Philippine Passport Holders, can enter Taiwan in 1 year even without visa
admin • April 20, 2017 • 12078
MANILA — Good news for Filipino citizens. Starting June 2017, Philippine passport holders may enter Taiwan even without visa.
Taiwan Ministry of Foreign Affairs or MOFA will begin a one-year trial period giving Filipinos a chance to enter Taiwan visa-free.
The new policy will be effective from June 1, 2017 until July 31, 2018; allowing a 30-day stay in the country.
Filipinos residing and working in Taiwan are delighted by this move.
“It is good so that Filipinos may come here anytime. All they need is a passport. That will bring big savings since you don’t need to acquire a visa anymore which is quite expensive,” said Taiwan resident, Raquel Niu.
OFW Christian Allonzo agrees, “That is good news for those who want to tour around Taiwan. There are many beautiful places here to visit.”
Meanwhile, the 30-day visa exemption of Thailand and Brunei citizens has been extended while citizens of Cambodia, India, Indonesia, Laos, Myanmar and Vietnam may avail of multiple visas.
The new policy is part of Taiwan’s move to boost tourism following the “New Southbound Policy” initiated by President Tsai Ying Wen.
It can be noted that in September 2016 Taiwan has relaxed its policy in giving Electronic Visa for Filipinos and other Asian citizens. The number of tourists in Taiwan has increased by almost fifty percent. — Amiel Pascual | UNTV News & Rescue
Starved of the travel experience during the coronavirus lockdown? One airport in Taiwan has the solution – a fake itinerary where you check in, go through passport control and security and even board the aircraft. You just never leave.
Taipei’s downtown Songshan airport on Thursday (July 2) began offering travellers the chance to do just that, with some 60 people hungry to get going, albeit to nowhere.
Around 7,000 people applied to take part, with the winners chosen at random. More fake flight experiences will take place in coming weeks.
The passengers got boarding passes, and proceeded through security and immigration before boarding an Airbus A330 of Taiwan’s largest carrier, China Airlines, where flight attendants chatted to them and explained coronavirus prevention methods.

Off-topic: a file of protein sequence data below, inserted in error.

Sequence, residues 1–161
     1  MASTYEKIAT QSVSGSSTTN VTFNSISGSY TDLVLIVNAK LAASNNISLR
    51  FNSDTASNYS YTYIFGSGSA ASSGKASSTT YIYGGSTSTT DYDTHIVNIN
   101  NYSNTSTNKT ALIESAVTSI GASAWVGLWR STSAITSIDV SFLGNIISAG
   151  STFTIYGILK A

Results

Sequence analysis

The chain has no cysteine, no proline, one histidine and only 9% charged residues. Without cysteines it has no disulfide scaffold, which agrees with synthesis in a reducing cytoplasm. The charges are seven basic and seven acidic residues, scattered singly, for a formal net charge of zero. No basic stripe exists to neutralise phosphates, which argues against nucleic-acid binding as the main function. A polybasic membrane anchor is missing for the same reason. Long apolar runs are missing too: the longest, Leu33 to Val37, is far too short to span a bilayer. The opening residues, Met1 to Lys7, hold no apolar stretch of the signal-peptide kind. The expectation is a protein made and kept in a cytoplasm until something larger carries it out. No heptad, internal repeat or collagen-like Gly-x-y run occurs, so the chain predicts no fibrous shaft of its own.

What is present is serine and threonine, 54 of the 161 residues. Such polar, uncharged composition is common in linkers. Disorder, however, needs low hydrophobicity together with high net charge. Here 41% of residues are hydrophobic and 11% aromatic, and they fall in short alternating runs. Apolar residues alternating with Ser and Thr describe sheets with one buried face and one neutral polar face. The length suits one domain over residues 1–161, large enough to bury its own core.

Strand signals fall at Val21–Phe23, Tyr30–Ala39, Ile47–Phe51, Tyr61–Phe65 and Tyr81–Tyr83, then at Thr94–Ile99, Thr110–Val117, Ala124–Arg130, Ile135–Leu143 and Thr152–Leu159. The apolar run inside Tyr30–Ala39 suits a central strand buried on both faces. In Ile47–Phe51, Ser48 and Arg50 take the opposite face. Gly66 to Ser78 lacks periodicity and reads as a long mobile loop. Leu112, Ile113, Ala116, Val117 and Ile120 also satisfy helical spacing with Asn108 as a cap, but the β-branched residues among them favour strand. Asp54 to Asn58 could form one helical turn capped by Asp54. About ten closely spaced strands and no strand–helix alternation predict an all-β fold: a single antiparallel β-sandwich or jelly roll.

The airport is using the event as a publicity opportunity to show off renovations it has completed while passengers have stayed away.
Songshan usually has flights to Tokyo, Seoul and several Chinese cities, and is also an important domestic hub.
Taiwan has emerged relatively unscathed from the pandemic thanks to early and effective prevention steps, but has largely closed its borders since mid-March and advised its citizens against all overseas travel unless absolutely necessary.
While a handful of international flights have continued, passenger numbers plummeted almost 64 percent in the first five months of 2020 compared with the same period last year, according to the government.
Still, in one bright spot, internal travel is booming.
Taiwan’s two main domestic carriers – China Airlines unit Mandarin Airlines and Eva Air’s Uni Air – have added extra capacity over the summer to Taiwan’s sun-soaked offshore islands and rugged east coast. (Reuters)
(Production: Ann Wang, Martin Pollard, Ben Blanchard)
A landslide at a jade mine in northern Myanmar killed at least 113 people, with more feared dead, authorities said on Thursday (July 2), after a pile of mine waste collapsed into a lake, triggering a wave of mud and water that buried many workers.
The miners were collecting stones in the jade-rich Hpakant area of Kachin state when the “muddy wave” crashed onto them, following heavy rain, the fire service department said in a Facebook post.
Rescue workers recovered 113 bodies, the department said, but more were missing.
Video obtained by Reuters shows body bags lined up as people wait to identify the dead. Deadly landslides and other accidents are common in the poorly regulated mines of Hpakant.
Scores of people have been killed in the area in recent years according to local media reports, with many of them freelance “jade pickers” who scour tailings – the residue from mining – for stones that have been missed by larger operators. (Reuters)
Schools across Thailand re-opened on Wednesday (July 1) with coronavirus prevention measures in place, following months of closure.
Nearly 5,000 students returned to Sam Khok school, about 50 km north of Bangkok, wearing face masks and receiving face shields and temperature checks from the school.
“Once students arrive at school, teachers hand face masks to them because it’s mandatory to wear them. We (school) are also providing face shields for students’ project presentations or for eating,” said principal Chuchart Thiengtham.
He added that students were told to stay in home quarantine for 15 days before school re-started as an extra precaution.
The school has also turned old ballot boxes into classroom partitions to enforce social distancing between students.
“I feel safe, but annoyed at the same time because partition blocked my view,” said 17-year-old student, Soponwich Thianthong.
Thailand on Wednesday marked 37 days without a case of local transmission. The coronavirus has killed 58 people among its 3,173 infections.
The country has extended an emergency decree until the end of July in a bid to avoid the risk of a second wave of the coronavirus, although it is also set to ease more restrictions on Wednesday, including reopening bars and allowing some foreigners into the country. (Reuters)
UNTV is a major TV broadcast network with 24-hour programming. An Ultra High Frequency station with strong brand content that appeal to everyone, UNTV is one of the most trusted and successful Philippine networks that guarantees wholesome and quality viewing experience.